Targeting melanoma with NT157 by blocking Stat3 and IGF1R signaling


It is well known that specific signal transduction inhibitors rarely suffice as anti-cancer agents. In most cases, tumors possess primary drug resistance due to their inherent heterogeneity, or acquire drug resistance due to genomic instability and acquisition of mutations. Here we expand our previous study of the novel compound, NT157, and show that it acts as a dual-targeting agent that invokes the blockage of two signal transduction pathways that are central to the development and maintenance of multiple human cancers. We show that NT157 targets not only IGF1R-IRS1/2, as previously reported, but also the Stat3 signaling pathway and demonstrates remarkable anti-cancer characteristics in A375 human melanoma cells and in a metastatic melanoma model in mice.

Access options

Rent or Buy article

Get time limited or full article access on ReadCube.


All prices are NET prices.

Figure 1
Figure 2
Figure 3
Figure 4


  1. 1

    Levitzki A, Klein S . Signal transduction therapy of cancer. Mol Aspects Med 2010; 31: 287–329.

    CAS  Article  Google Scholar 

  2. 2

    Levitzki A . Tyrosine kinase inhibitors: views of selectivity, sensitivity, and clinical performance. Annu Rev Pharmacol Toxicol 2013; 53: 161–185.

    CAS  Article  Google Scholar 

  3. 3

    Ward HW . Anti-oestrogen therapy for breast cancer: a trial of tamoxifen at two dose levels. Br Med J 1973; 1: 13–14.

    CAS  Article  Google Scholar 

  4. 4

    Druker BJ . Translation of the Philadelphia chromosome into therapy for CML. Blood [Internet]. American Society of Hematology 2008; 112: 4808–4817.

    CAS  Google Scholar 

  5. 5

    Levitzki A, Mishani E . Tyrphostins and other tyrosine kinase inhibitors. Annu Rev Biochem 2006; 75: 93–109.

    CAS  Article  Google Scholar 

  6. 6

    Dillman RO . Monoclonal antibodies in the treatment of cancer. Crit Rev Oncol Hematol 1984; 1: 357–385.

    CAS  Article  Google Scholar 

  7. 7

    Oldham RK . Monoclonal antibodies in cancer therapy. J Clin Oncol 1983; 1: 582–590.

    CAS  Article  Google Scholar 

  8. 8

    Weinstein IB . Cancer. addiction to oncogenes–the Achilles heal of cancer. Science 2002; 297: 63–64.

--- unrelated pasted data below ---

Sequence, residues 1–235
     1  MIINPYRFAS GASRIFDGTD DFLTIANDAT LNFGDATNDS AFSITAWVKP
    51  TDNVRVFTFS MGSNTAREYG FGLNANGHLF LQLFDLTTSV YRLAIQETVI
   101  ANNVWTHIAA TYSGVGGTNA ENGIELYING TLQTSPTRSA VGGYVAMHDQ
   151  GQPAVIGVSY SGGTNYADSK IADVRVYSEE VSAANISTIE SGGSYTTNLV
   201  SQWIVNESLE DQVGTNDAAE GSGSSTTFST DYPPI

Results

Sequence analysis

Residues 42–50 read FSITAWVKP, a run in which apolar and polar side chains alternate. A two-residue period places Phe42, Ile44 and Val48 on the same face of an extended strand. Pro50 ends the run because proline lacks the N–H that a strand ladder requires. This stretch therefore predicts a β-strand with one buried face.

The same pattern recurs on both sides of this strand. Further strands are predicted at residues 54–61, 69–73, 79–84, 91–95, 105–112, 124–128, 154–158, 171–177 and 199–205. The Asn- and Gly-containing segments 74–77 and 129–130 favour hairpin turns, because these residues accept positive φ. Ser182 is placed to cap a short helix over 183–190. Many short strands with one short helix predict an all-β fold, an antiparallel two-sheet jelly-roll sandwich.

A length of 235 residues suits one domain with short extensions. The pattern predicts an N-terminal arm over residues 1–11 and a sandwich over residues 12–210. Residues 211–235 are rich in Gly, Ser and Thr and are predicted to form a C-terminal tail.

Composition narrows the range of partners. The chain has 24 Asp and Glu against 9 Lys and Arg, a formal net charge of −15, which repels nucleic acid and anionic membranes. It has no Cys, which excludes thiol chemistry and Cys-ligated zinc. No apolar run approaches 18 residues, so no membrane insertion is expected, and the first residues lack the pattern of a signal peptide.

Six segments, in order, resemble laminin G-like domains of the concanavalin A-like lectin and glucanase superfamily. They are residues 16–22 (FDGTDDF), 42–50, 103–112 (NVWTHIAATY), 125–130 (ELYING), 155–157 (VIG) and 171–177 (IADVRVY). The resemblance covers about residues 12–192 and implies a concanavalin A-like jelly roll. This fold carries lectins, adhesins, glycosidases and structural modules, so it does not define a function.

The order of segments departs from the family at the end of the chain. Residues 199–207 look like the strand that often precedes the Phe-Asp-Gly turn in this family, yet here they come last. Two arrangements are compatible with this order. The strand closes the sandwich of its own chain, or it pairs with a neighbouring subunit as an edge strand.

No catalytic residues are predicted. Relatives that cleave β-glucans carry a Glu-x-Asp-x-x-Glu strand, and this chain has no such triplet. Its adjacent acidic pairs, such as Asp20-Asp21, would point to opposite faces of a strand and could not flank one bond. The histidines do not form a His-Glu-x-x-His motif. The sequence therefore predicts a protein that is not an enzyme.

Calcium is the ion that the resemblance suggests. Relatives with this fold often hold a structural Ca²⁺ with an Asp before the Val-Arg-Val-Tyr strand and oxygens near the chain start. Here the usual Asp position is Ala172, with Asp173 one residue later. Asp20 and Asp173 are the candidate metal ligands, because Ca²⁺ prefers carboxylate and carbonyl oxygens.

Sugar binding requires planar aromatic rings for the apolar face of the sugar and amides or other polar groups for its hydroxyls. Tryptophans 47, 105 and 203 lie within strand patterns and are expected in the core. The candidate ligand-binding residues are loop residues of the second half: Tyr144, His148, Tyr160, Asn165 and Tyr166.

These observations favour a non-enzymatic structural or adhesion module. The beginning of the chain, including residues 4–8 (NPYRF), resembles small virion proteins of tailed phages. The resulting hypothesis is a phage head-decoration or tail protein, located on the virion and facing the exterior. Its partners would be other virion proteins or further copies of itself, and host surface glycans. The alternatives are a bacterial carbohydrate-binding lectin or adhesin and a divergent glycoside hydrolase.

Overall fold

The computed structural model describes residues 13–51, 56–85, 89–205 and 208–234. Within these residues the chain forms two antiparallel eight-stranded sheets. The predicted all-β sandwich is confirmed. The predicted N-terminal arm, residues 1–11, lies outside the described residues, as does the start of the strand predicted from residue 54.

CAS  Article  Google Scholar 

  9. 9

    Daub H, Specht K, Ullrich A . Strategies to overcome resistance to targeted protein kinase inhibitors. Nat Rev Drug Discov 2004; 3: 1001–1010.

    CAS  Article  Google Scholar 

  10. 10

    Xia W, Mullin RJ, Keith BR, Liu L-H, Ma H, Rusnak DW et al. Anti-tumor activity of GW572016: a dual tyrosine kinase inhibitor blocks EGF activation of EGFR/erbB2 and downstream Erk1/2 and AKT pathways. Oncogene 2002; 21: 6255–6263.

    CAS  Article  Google Scholar 

  11. 11

    Maira S-M, Stauffer F, Brueggen J, Furet P, Schnell C, Fritsch C et al. Identification and characterization of NVP-BEZ235, a new orally available dual phosphatidylinositol 3-kinase/mammalian target of rapamycin inhibitor with potent in vivo antitumor activity. Mol Cancer Ther 2008; 7: 1851–1863.

    CAS  Article  Google Scholar 

  12. 12

    Darnell JE Jr . STATs and gene regulation. Science 1997; 277: 1630–1635.

    CAS  Article  Google Scholar 

  13. 13

    Kortylewski M, Jove R, Yu H . Targeting STAT3 affects melanoma on multiple fronts. Cancer Metastasis Rev 2005; 24: 315–327.

    CAS  Article  Google Scholar 

  14. 14

    Page BDG, Ball DP, Gunning PT . Signal transducer and activator of transcription 3 inhibitors: a patent review. Expert Opin Ther Pat 2011; 21: 65–83.

    CAS  Article  Google Scholar 

  15. 15

    Yu H, Lee H, Herrmann A, Buettner R, Jove R . Revisiting STAT3 signalling in cancer: new and unexpected biological functions. Nat Rev Cancer 2014; 14: 736–746.